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Thread: Sand or gravel for turtles? Reply to Thread
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  Topic Review (Newest First)
01-19-2013 03:22 PM
newbieplanter I got three tanks one has play sand and big rocks with one piece of driftwood the only problem I have with that one is filling the water back up after a water change but I put down a plate an it's fine cleaning and everything else is cool I'm tryin to do a moss carpet in there now so we will see how it goes my turtles don't eat the moss or sand but the java fern was done the second day. My other tank I have gravel the only trouble there is the turtle moves it and piles it a little bit which is fine u just move it back flat or leave it if it looks good the way the turtle moves it also got a few bigger rocks with moss on them I haven't had a problem in that tank either as far as the turt eatin rocks and some of them are small enough for him to eat. My last tank has five babies in there an its a 20gal. So the water turned green from their waste but anyway I have big boulders in there with a few small ones other than the tank bein crowded there are no problems. I just figured I would tell u a little about what I got set up so u don't get discouraged the only big problem I got with my tanks is that I wanna change the tankscape every few weeks or so meaning other rocks or sand, plants, add fish, do a top tank baskin area or leave it in the tank u know stuff like that anyway good luck either way u go!
12-28-2012 07:46 PM
Kitty_Kitsch If you have somewhere to hold the turtles for a day or so I'd say dump it and silicone some on! That would be neat!
12-28-2012 06:10 AM
Kinection Oh that's a great idea! I got a
a few of those tiles in my backyard,
it's going to be hard putting them
in since the tank is deep and there
is water filled though. :/
12-28-2012 03:49 AM
theshadybird A simple and aesthetically pleasing alternative to bare-bottom is some stone tile from a hardware store. Looks way more natural, and has all the benefits of bare glass. I have it this way for my RES :]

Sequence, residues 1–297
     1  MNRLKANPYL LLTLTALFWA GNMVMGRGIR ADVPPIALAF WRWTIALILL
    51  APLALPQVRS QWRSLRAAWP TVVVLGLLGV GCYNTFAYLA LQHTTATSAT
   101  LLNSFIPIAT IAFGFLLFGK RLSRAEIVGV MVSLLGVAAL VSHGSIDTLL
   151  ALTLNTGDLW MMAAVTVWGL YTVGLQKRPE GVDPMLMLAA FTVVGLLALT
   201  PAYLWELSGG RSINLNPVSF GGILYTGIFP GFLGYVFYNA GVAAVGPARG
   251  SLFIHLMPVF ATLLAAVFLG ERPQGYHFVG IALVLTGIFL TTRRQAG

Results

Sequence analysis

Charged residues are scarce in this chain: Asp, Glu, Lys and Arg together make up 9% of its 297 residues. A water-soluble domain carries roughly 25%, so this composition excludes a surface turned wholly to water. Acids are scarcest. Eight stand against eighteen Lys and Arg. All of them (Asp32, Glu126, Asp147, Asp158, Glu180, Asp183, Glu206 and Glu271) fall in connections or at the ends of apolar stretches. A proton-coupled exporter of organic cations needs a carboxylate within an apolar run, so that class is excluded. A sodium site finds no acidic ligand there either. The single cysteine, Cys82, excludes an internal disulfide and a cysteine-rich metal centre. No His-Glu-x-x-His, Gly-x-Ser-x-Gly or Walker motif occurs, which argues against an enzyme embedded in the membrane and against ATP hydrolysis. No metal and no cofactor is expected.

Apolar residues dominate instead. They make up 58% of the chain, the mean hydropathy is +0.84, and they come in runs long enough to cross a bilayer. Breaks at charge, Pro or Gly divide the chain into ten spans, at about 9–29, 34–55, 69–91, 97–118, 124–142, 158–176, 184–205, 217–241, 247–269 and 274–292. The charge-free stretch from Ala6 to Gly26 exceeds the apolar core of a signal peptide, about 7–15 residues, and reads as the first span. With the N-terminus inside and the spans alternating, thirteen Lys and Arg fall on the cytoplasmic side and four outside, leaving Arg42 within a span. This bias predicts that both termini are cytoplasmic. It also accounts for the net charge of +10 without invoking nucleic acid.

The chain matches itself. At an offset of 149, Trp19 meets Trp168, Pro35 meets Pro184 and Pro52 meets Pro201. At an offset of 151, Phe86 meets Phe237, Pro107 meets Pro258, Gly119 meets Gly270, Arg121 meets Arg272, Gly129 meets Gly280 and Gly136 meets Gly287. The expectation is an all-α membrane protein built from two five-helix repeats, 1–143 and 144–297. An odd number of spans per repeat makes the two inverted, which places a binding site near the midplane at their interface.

12-28-2012 03:48 AM
Bear Sage Plants are snacks to my res. Everything I put in his 90 he eats. And he just started eating his tankmates. Friends became food, nothing is safe!!
12-28-2012 03:34 AM
Kinection I think my turt is at the "maturity" age, he is
trying to kill my guppies. Good thing I just
got a 55 gal just for him!
12-28-2012 02:37 AM
AVN I have kept a mating pair of southern map turtles for 14 years now, and in all my experiences with them I have to say I prefer bare tanks just because it is easy to clean.

However, I agree with the others in this thread that recommended sand, it may be a bit harder to clean, but it looks much nicer aesthetically, and you can hide worms and snails for your turtle to hunt for. They love it, and prefer to hunt on their own as opposed to eat from my hand.

River rocks are the in-between, it is easy to clean (you just siphon the waste out from all the cracks) and your turtles will move the rocks around "exploring" and looking for critters you can hide.

As for plants, don't even try. I have tried DOZENS of different plants and all have been devoured. My only success with plants are plants that outnumber the turtle's appetite, like duckweed or dwarf water lettuce. Everything else gets devoured within the week.
12-28-2012 02:14 AM
Kinection I guess I'll go bare bottom. Wouldn't look